EU forces websites to offer better protection to Internet users
A better protection of e-commerce users automatically leads to more confidence from these users, and therefore also to more purchases of both physical and digital goods. Through targeted audits, the EU intends to impose this protection.
The European Commission regularly organises a “sweep”, i.e. an audit where websites chosen at random in a certain sector are scrutinized. These audits are conducted to ensure that websites fully comply with the rules of the consumer protection regulations. When he fails to comply with these rules, the owner of the website is contacted and notified about the glitch. If no reaction is received within the set time, a penalty can be charged.
In June 2012, the EC held a “Digital Content Sweep” aimed at websites from the 26 member states of the EU, Norway and Iceland. This time, the focus was on websites that sell music and online games. 330 sites, which all together represent a large part of the market, were audited. 172 of them did not play the game by the rules, and their owners were contacted. In the meantime, 116 of them have taken steps to comply with the rules, and for 49 of them, further procedures followed. However, the action produced great results: now, 80% of the websites that were originally audited comply with the rules of the European legislation, while the result was barely over 50% during the audit.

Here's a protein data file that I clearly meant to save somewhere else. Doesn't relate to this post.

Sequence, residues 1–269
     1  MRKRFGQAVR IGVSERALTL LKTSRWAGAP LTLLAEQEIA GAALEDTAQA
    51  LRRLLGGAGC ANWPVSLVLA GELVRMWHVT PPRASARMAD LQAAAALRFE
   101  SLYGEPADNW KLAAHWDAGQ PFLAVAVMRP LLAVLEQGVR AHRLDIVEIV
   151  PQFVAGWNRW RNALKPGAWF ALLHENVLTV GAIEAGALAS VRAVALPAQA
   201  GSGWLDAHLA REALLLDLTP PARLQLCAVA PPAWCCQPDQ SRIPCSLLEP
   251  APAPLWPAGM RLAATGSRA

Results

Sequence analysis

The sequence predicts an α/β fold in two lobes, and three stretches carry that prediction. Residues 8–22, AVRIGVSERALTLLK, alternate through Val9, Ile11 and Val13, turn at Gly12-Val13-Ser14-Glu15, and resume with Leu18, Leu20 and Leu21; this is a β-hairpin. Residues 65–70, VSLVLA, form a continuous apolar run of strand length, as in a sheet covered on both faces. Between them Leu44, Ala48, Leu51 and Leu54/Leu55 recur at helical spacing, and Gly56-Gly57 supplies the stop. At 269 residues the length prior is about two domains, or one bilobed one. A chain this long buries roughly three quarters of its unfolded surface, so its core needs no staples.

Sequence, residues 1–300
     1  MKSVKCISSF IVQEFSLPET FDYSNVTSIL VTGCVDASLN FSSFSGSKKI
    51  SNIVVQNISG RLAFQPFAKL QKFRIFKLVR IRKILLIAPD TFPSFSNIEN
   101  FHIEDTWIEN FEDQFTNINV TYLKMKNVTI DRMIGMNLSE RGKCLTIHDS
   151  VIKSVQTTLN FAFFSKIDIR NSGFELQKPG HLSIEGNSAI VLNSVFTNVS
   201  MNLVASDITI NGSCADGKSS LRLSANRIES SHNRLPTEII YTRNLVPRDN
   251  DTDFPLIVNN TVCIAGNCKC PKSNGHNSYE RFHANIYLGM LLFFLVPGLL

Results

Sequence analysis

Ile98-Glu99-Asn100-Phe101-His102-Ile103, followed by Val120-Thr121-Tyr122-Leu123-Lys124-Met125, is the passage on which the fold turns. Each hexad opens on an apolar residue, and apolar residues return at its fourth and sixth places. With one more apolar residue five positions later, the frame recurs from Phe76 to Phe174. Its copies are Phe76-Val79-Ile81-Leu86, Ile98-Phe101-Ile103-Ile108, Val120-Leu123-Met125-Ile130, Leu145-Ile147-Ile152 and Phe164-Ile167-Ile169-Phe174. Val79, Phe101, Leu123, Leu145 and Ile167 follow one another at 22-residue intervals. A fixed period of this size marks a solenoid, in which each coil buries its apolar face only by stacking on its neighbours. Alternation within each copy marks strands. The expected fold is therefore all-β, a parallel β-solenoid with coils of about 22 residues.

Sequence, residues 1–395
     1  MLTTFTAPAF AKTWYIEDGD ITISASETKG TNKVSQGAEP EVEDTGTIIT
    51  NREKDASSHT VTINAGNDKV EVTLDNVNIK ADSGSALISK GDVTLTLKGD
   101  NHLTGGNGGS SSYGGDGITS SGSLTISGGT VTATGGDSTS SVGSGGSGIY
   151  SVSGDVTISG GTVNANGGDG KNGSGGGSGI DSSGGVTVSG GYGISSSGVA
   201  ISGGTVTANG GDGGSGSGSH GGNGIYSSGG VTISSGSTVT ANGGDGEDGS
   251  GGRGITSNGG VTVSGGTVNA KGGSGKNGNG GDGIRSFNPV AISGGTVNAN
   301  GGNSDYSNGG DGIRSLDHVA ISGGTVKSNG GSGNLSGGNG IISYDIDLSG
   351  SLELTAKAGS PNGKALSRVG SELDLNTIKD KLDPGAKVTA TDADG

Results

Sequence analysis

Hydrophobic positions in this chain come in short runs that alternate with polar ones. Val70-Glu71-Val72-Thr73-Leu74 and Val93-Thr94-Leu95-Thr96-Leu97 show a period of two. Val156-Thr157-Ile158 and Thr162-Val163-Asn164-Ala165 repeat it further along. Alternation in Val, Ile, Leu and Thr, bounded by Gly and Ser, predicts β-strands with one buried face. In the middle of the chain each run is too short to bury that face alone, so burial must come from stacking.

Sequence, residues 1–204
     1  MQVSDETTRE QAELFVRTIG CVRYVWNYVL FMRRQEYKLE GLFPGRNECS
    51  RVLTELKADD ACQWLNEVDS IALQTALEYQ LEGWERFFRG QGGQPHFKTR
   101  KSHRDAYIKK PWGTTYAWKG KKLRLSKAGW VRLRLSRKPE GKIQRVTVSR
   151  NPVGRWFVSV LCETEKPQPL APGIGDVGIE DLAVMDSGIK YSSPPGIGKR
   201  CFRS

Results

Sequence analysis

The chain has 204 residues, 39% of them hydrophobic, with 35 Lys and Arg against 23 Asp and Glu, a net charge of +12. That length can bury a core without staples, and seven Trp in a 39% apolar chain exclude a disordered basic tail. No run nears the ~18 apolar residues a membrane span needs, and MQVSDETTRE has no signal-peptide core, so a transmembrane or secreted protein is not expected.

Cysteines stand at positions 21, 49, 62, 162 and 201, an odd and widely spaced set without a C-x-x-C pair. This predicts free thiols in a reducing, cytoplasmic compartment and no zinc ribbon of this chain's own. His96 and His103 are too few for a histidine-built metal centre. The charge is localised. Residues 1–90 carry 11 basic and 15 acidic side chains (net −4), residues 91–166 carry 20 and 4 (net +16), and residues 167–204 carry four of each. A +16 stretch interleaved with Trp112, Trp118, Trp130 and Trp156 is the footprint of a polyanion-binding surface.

What aspects does the EU check? And, by extension, what should you consider when your website sells digital content? Audits conducted by the EC usually revealed compliance issues related to the following aspects:
- Unfair contract terms, depriving users of their right to take legal steps or their right to claim compensation when the product is defective;
- Unclear information about the right of cancellation: since digital downloads are concerned, the seller must warn users that they cannot cancel the download once it has started;
- The absence of the required information about the identity of the seller, in particular its e-mail address, making it impossible for users to get in touch with the seller. This is not a new issue and yet, many merchants still haven’t taken the necessary steps to avoid problems.
If you sell digital content online, you really should make sure that your website complies with these rules!